Pelosi Trip Ripples Could Take Time To Impact Global Markets


(Bloomberg) — From an accelerated decoupling of the world’s two largest economies to a discussion about whether China could weaponize its vast holdings of government bonds, investors outline how the US parliament’s trip, Nancy Pelosi, to Taiwan over the global markets could ripple.

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Haven’s assets went into disarray as concerns about the level of China’s military response faded and Treasuries sold on aggressive comments from Federal Reserve officials. The yen made an abrupt reversal, falling more than 1% on Tuesday after its strongest four-day run since 2020, but rose again on Wednesday. Most stocks and stock futures struggled to gain traction.

Pelosi’s visit has sparked new trepidation among investors who already feared the threat of a global slowdown amid rising inflation. Some strategists warned against prematurely rejecting China’s first response — military exercises and some trade restrictions in Taiwan — with markets vulnerable to any hint of a deterioration in Sino-US relations.

“This issue is going to linger much longer than the market’s attention span allows,” said Michael Every, head of Asian financial market research at Rabobank. “Yet geostrategists are largely united in the view that we are still alarmingly close to a possible fourth crisis in the Taiwan Strait.”

China and treasuries

Investors continued to analyze headlines and market movements on Wednesday for clues as to how China might retaliate. The staggering rise in government bond yields overnight sparked discussions about whether Beijing could arm its stack of nearly $1 trillion US Treasuries. Chinese defense stocks rose while Taiwanese shipping and tourism stocks retreated.

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Volatility Hits Markets With Geopolitics Contributing To Range Of Risks

“Given the magnitude of the sell-off, it was only a matter of time before there was speculation that China would use its sizable government bonds in retaliation for Pelosi’s visit,” said Ian Lyngen, strategist at BMO Capital Markets. “In the event that this is the case (which we doubt), bearishness should be mitigated as the near-term influences are overshadowed by the negative impact on the global macro outlook.”

Others, such as Huang Huiming, a fund manager at Nanjing Jing Heng Investment Management Co., are bracing for Beijing’s launch of “salami tactics” — a patchy approach to dividing and conquering an opposition — and how this impact on those already stifled supply chains.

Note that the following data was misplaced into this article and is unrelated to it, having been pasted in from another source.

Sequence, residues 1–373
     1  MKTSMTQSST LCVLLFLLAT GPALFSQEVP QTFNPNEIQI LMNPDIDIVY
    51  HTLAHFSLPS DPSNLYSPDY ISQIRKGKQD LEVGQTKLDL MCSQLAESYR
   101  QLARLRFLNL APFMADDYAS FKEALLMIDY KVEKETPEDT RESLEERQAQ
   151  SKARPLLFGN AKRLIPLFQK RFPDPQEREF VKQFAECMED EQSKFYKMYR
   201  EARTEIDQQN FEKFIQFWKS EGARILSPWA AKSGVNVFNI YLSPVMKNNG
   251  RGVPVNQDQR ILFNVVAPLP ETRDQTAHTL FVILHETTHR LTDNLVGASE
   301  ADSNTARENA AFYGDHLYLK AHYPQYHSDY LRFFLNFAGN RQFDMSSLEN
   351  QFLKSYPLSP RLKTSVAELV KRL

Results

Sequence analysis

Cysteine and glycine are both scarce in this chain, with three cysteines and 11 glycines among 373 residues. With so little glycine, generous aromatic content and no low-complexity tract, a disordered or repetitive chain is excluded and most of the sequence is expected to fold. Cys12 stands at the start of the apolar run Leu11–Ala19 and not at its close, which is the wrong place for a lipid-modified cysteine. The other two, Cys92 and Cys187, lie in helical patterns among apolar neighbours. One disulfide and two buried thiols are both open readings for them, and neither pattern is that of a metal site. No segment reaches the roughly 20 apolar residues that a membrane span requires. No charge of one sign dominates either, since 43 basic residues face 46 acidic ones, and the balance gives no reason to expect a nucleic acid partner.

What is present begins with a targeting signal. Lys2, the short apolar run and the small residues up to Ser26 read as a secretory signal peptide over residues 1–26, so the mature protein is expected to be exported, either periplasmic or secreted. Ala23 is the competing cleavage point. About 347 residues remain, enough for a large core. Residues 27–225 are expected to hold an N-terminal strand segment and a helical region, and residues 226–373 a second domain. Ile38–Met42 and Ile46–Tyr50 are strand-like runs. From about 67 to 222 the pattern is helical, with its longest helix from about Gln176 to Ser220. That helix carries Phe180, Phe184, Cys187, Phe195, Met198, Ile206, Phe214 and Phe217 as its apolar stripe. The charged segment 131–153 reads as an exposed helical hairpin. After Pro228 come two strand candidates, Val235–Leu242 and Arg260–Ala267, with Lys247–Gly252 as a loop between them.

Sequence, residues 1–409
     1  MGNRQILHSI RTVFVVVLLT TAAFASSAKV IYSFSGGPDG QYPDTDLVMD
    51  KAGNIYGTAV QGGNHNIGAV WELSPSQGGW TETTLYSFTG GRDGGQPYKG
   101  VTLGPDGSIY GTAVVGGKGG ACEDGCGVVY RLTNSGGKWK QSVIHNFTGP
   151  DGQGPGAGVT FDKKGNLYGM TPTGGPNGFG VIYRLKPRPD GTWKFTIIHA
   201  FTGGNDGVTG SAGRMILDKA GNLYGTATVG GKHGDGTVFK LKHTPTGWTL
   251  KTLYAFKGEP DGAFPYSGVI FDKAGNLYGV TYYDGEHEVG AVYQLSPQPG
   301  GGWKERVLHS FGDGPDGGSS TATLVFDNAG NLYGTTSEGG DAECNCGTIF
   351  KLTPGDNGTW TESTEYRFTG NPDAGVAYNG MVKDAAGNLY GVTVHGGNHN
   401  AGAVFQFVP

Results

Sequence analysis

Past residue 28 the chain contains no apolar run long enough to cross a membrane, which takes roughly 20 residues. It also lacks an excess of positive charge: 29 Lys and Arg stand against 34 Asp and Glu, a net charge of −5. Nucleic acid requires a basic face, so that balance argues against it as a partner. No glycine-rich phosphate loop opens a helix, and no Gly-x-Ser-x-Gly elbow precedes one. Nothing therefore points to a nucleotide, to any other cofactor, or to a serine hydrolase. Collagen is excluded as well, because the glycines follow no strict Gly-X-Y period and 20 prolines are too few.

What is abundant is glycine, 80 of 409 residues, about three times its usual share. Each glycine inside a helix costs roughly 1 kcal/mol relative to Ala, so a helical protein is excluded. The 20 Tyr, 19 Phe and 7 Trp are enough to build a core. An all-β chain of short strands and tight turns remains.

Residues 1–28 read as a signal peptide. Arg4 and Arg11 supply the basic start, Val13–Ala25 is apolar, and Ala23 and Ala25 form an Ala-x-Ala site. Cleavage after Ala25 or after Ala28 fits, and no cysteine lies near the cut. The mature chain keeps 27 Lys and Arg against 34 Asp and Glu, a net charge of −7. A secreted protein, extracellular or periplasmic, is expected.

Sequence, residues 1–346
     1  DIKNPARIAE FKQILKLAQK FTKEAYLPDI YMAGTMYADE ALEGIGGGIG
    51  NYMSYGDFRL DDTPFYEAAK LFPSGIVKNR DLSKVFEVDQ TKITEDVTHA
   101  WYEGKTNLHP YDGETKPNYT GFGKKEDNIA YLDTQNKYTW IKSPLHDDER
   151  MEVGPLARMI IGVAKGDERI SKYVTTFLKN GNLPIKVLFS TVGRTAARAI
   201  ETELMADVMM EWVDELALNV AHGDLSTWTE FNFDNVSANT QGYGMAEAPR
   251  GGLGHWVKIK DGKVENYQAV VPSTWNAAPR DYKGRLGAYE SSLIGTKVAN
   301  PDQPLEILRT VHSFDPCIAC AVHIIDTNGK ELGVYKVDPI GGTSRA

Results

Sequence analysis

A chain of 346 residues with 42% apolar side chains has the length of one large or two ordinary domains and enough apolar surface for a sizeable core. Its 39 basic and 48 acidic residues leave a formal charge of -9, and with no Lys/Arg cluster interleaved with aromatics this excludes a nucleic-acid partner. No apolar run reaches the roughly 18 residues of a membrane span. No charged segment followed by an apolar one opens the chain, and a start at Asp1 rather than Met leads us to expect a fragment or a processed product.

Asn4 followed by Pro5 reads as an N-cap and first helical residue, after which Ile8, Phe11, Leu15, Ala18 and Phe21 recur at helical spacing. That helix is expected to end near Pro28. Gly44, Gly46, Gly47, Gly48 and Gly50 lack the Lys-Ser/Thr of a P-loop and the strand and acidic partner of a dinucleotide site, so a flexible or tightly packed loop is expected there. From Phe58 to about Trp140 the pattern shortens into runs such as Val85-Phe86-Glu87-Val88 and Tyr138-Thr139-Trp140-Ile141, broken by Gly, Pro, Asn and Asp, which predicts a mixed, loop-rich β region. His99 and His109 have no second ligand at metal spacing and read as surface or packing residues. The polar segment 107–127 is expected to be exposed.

“If you look closely at the practice zones, this is the closest to the island ever and surrounds it — all military operations are initially disguised as exercises,” Huang said. “We may be concerned if the exercises get longer and more intense to affect supply chains, but there is no sign of that now.”

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Pelosi Meets Taiwan Leader As China Opens Military Exercises

Faster disconnection

While some investors are looking to sell the rumor and buy the news for now during Pelosi’s visit, others are charting a longer-term macro view of how this could be a groundbreaking moment in Asia-Pacific history and potentially the allocation of assets could change in the region. Taiwan is a vital global supplier of semiconductors and other high-tech goods.

There are risks of a longer-term economic decoupling between the world’s two largest economies, with a range of potential consequences, including new supply chain tensions that exacerbate inflation. Beijing has already announced the start of an economic response, halting exports of natural sand to Taiwan and halting imports of fruits and fish.

“The official return of US influence in Asia-Pacific will inevitably accelerate the decoupling between the US and China,” said Xiadong Bao, fund manager at Edmond de Rothschild Asset Management in Paris. “Given it is an evolving event, investors should brace themselves for a test of nerves that could involve high market volatility in the near term.”

Caution prevails

When things look this uncertain, sometimes the biggest transactions are buying the traditional safe havens of the world — treasury bills and the dollar.

That is the view of Jessica Amir of Saxo Capital Markets, who thinks the latest tensions will only further weaken investor nerves, leading to safer assets outperforming.

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“Right now, we think the tone has been set for equities for August and the rest of the year. Geopolitical tensions will increase,” Amir said. “We are also seeing the return to safe harbors and the dollar to see more purchases.”

It’s a view shared by Shane Oliver, chief economist at AMP Capital Markets, who sees gains for Treasuries to gold if the visit actually sparked conflict. “Longer term, this points to a further escalation of Cold War tensions between the West and China/Russia, meaning higher risk premia,” he said.

Feeling to recover

In Zurich, fund manager Jian Shi Cortesi sees parallels in market performance between Newt Gingrich’s trip to Taiwan in 1997 and Pelosi’s today. At the time, the Hang Seng index and the Taiwanese stock exchange both fell before the visits, but then recovered strongly. This time before Pelosi’s trip, investors saw similar weakness for stocks from China, Hong Kong and Taiwan.

China’s military exercises near the island of Taiwan “can still keep investors on their toes,” GAM Investment Management’s investment director said. “Market sentiment will recover once the military exercise ends.”

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